Ofri Ilany, The state of the Likud: On the image of political culture in contemporary Israel
This investigation stresses that the current historical moment furnishes an opportunity to examine the nature of the Likud government and the political culture it is grounded in. Firstly, we need to inquire about what can be said about the Likud, so that our statement is different from ordinary and general critique in relation to the “Zionism”. In contrast with the Mapai’s Zionist ideology, Ilany seeks to illustrate characteristics of fundamental components of the ideology and view of history from the standpoint of the Likud.
Avi Shilon, The renewable Israeli-Jewish identity: On religion, Likud, Revisionism, Messianism, and Naftali Bennett!
Shilon reviews differences between the Likud of yesterday and the Likud of today. According to Shilon, the Likud leaders who succeeded Menachem Begin - namely Shamir, Sharon, Netanyahu and Olmert - did not have a real connection to religion. Their lifestyle is basically secular. A resulting vacuum has been exploited by the Jewish Home party and its current leader Naftali Bennett. The latter has managed to offer a new combination of religion, nationalism and neoliberalism in Israel.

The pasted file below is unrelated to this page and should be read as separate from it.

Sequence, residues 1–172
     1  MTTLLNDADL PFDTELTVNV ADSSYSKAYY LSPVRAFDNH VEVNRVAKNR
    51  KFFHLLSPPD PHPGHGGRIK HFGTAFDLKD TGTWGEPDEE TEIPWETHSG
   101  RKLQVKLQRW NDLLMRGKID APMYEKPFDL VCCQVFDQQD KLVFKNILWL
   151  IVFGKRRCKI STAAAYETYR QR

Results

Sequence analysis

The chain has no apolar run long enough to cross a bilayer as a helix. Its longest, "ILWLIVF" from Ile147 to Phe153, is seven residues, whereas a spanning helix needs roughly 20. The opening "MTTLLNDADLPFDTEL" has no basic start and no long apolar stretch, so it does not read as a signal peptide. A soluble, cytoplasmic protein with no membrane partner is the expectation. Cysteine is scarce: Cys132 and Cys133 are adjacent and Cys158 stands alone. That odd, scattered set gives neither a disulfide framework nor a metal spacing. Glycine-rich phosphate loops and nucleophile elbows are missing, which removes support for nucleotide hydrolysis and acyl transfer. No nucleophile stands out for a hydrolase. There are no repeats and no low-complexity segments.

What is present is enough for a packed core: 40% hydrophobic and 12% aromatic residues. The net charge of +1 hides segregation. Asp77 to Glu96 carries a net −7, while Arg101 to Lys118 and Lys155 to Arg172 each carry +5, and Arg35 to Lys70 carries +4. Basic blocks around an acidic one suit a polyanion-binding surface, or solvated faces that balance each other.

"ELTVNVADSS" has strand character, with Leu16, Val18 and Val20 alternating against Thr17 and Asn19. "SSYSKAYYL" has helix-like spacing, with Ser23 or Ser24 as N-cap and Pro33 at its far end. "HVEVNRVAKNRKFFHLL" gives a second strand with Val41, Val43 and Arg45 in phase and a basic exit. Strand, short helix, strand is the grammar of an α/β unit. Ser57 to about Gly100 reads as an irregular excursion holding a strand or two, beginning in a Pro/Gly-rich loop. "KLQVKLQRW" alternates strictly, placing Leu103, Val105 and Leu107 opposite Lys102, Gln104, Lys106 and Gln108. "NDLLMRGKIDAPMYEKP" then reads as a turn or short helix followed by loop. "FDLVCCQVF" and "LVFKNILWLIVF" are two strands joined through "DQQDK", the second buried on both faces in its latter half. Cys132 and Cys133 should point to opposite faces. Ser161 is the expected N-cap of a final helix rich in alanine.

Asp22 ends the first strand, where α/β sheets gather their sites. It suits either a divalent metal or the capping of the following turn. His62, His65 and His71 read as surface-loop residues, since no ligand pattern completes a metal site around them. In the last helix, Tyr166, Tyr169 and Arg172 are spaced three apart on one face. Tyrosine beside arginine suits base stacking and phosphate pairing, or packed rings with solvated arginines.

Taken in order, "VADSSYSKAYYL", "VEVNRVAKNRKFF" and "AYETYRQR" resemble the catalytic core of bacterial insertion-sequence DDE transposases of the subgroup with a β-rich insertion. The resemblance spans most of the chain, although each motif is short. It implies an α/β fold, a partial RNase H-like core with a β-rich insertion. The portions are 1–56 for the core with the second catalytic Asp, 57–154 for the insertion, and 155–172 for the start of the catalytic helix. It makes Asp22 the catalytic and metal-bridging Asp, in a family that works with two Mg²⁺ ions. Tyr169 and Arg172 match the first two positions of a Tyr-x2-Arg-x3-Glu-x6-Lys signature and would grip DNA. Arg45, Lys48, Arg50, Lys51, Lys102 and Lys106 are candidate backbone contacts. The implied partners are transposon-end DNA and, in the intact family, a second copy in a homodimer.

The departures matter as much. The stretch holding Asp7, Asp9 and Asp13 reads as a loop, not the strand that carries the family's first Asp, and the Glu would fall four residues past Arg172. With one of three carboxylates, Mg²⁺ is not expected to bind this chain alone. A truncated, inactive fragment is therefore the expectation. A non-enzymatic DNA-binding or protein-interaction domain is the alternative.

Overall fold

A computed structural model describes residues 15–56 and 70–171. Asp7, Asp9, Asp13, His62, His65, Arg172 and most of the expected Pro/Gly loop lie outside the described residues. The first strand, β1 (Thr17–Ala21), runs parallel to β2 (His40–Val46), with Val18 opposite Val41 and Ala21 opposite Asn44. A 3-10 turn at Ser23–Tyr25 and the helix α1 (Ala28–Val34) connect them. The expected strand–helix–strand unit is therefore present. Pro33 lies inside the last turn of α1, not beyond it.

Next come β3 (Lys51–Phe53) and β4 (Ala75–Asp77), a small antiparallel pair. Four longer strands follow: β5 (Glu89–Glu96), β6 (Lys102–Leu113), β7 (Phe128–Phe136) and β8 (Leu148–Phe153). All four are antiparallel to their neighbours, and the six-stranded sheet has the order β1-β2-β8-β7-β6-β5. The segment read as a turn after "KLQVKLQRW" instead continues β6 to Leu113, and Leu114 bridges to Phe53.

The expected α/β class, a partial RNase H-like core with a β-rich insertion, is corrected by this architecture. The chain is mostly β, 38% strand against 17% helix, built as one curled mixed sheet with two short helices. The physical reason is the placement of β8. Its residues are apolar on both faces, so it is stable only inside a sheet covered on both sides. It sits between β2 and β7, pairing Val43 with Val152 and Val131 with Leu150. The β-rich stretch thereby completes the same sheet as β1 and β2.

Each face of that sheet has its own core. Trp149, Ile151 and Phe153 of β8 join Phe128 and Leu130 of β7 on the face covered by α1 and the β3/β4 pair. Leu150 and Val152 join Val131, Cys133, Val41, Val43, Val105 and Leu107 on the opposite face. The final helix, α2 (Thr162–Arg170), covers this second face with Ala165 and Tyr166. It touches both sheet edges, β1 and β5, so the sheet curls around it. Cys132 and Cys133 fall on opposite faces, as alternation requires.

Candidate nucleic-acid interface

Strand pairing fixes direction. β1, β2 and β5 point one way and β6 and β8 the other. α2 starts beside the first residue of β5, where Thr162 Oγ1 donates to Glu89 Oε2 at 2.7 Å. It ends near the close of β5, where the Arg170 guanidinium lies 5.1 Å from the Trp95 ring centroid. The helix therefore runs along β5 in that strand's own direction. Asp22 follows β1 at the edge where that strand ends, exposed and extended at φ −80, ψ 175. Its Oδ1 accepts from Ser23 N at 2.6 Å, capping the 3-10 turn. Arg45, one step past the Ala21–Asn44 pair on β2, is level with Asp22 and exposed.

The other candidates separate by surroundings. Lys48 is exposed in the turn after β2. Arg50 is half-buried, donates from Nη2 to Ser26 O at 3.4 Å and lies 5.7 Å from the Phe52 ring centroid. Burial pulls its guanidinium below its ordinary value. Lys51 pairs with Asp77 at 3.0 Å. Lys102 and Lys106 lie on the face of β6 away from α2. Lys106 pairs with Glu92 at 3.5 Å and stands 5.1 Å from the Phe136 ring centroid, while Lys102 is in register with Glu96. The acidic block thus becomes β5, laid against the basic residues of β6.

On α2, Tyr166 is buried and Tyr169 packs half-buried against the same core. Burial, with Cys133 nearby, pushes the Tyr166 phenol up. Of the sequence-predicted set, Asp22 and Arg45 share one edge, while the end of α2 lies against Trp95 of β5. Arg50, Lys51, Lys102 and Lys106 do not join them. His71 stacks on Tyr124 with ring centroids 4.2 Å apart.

Ofra Yeshua-Lyth, author of Countries, Alliance
Why do the Jews not have a secular Jewish state of their own? (by At Tayyeb Ghanayim)
Yeshua-Lyth is an Israeli journalist. She worked for years at the Maariv newspaper and travelled as a delegated journalist to several Western countries. After she retired, Yeshua-Lyth has taken over a plethora of political activities within existing frameworks. She has also created other frameworks with activists who carry on the same political concern with Israel’s current and future identity as well as with all that is related to the one- or two-state solution.
Gideon Solimani and Raz Kletter, Israeli archaeology and displaced Palestinian villages